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Formation of Sedimentary Rock

By Moira Whitehouse PhD

When sediments are deposited by a river over a long period of time into a shallow ocean or lake, layers of sedimentary rock may be formed. Just what is sedimentary rock?

One of the three major rock types, sedimentary rock is formed when sediments such as tiny fragments of rock including pebbles, gravel, sand, silt and clay are naturally glued together under great pressure. The next few slides will help us better understand just how sedimentary rock is formed.

The first steps in the formation of sedimentary rock are weathering, erosion and deposition of fragments of rock in a river.

The fast moving river carries the pieces of rock. In the process, the rocks hit one another and are weathered further and further, forming tiny pieces of sediment.

Here you can see the pieces of rock becoming smaller and smaller as the river flows towards the sea.

As it nears the sea the river gradually slows down, depositing bigger pieces of rock. By the time it reaches the sea it is mainly carrying small pebbles and soil. As it enters the sea it slows down even more and deposits the sediment it is carrying.

The river deposits the larger heavier pebbles first and then gradually the smaller and lighter sediments. In this way layers of sediment are deposited on the floor of the sea. The upper layers of sediment are heavy and push the sediments beneath closer together.

Then the process of lithification occurs. The seawater between the grains of sediment evaporates leaving behind the minerals that were dissolved in the water. These minerals glue the tiny fragments of sediment together to form a type of rock called sedimentary rock.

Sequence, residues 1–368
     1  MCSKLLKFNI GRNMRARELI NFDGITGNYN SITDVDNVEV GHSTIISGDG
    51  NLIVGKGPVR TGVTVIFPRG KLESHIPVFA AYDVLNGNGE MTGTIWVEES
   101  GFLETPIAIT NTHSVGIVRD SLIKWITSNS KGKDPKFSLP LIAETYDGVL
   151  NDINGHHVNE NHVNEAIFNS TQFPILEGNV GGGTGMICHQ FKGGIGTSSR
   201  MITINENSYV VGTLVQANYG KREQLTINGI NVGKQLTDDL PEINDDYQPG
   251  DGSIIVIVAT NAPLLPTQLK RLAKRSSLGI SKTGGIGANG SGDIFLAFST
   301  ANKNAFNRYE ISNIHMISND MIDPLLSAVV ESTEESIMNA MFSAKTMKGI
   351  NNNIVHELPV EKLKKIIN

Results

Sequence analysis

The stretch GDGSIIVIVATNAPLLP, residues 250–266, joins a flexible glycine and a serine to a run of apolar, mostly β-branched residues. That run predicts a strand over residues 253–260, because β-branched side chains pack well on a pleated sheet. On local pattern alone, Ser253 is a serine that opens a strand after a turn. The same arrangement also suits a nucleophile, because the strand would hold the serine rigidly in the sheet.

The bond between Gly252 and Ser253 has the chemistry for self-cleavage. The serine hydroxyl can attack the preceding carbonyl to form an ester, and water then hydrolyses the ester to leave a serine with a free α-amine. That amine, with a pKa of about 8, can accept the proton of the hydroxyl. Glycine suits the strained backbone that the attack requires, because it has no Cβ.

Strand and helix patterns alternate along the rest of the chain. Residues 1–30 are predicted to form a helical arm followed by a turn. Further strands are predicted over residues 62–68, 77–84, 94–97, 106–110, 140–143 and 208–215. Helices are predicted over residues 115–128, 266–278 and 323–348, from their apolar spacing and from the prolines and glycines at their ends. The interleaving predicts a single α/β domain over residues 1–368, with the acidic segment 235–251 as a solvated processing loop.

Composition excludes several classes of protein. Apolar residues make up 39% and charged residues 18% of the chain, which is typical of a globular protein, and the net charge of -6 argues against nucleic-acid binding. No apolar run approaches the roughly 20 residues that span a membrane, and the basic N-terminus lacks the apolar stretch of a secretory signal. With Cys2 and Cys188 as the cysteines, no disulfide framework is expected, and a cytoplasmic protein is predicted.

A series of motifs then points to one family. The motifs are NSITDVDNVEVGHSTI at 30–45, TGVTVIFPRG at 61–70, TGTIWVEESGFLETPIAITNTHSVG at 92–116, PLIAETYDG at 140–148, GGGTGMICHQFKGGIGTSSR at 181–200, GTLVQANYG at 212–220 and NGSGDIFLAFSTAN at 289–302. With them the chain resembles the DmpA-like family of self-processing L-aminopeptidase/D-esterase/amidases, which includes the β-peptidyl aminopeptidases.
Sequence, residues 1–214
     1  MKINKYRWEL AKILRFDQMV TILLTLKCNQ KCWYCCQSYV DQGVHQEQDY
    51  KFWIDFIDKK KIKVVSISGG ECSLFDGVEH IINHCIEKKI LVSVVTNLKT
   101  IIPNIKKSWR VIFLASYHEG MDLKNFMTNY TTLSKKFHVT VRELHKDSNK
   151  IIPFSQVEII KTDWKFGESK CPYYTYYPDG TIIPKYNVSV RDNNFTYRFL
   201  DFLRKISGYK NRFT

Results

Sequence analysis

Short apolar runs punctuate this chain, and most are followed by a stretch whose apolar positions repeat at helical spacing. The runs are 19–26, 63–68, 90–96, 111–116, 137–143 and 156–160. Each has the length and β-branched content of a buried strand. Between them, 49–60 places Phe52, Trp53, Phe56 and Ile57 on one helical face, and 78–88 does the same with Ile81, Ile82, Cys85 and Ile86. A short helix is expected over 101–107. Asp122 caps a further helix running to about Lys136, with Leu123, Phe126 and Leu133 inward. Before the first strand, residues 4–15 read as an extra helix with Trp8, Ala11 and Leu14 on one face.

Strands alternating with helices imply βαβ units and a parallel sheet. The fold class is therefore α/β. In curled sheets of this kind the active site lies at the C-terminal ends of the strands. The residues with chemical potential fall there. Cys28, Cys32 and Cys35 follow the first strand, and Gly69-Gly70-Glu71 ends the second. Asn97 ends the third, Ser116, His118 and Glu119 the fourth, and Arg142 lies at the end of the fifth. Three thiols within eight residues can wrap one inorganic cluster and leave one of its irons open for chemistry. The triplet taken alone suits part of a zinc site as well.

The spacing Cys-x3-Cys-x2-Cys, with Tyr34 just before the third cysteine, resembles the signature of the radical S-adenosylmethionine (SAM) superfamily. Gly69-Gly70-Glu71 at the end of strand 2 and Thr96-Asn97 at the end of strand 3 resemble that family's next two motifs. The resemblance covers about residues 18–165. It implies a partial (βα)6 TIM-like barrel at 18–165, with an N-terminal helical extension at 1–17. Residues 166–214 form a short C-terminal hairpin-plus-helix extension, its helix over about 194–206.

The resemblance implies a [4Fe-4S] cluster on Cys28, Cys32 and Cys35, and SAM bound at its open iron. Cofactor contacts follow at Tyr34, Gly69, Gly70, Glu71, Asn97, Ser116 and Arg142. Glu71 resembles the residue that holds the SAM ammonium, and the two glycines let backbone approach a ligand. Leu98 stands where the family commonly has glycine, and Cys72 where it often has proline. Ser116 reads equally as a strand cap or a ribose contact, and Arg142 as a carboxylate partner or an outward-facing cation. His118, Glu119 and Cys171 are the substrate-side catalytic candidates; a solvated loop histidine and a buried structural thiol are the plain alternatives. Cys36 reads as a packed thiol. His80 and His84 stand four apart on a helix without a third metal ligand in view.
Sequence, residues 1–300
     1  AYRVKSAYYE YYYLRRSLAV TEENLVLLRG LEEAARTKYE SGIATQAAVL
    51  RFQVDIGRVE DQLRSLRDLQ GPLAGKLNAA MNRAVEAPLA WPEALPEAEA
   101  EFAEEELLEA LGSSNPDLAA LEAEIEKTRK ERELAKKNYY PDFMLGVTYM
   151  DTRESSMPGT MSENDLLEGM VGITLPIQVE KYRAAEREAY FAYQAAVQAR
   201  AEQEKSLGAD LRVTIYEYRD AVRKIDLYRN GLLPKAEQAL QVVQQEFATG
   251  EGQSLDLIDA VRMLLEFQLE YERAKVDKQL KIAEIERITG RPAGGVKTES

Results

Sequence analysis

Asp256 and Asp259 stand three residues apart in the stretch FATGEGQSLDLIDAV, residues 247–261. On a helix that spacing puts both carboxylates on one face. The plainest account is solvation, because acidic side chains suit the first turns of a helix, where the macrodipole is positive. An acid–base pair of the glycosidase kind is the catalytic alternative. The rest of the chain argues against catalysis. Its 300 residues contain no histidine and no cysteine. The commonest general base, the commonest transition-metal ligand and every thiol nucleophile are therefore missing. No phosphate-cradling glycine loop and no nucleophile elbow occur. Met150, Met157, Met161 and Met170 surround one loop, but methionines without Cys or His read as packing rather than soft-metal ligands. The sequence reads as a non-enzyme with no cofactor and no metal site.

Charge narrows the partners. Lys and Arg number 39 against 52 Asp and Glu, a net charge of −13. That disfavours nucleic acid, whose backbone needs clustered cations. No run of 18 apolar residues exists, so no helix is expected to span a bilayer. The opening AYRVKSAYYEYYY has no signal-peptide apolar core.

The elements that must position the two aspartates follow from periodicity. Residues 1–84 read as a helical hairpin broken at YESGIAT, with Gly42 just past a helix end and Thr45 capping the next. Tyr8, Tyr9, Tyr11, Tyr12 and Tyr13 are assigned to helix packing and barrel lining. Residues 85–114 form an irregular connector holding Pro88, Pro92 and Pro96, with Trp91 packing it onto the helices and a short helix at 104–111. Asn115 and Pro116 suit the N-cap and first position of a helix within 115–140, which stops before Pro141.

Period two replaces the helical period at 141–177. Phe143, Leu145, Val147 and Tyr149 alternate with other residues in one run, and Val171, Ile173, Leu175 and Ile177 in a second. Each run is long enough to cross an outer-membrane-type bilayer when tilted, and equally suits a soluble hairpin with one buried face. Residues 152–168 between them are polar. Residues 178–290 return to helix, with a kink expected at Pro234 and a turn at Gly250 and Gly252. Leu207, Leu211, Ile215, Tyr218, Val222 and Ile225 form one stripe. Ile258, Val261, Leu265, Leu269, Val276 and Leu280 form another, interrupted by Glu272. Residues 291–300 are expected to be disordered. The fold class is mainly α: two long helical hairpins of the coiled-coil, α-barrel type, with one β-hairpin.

Over millions of years, the sea fills up with sediment and the water evaporates. The result--layers of sedimentary rock. written permission to use

Five types of sedimentary rock are formed in this way:

conglomerate sandstone shale siltstone limestone The type of rock depends on what type of sediment is cemented together.

Particles of pebbles or gravel cemented together become conglomerate.

Particles of sand cemented together become sandstone.

Particles of silt cemented together becomes siltstone.

Particles of mud cemented together becomes shale or mudstone.

Ground up particles of sea shells that are cemented together become limestone.

A layer of limestone on top of shale.

Wikipedia Commons

Most rock on the Earths surface is Sedimentary Rock

Which rock is the oldest?

Which rock is the youngest? Name the rock from oldest to youngest?

Which rock is the oldest?

Which rock is the youngest?

Name the rock from oldest to youngest?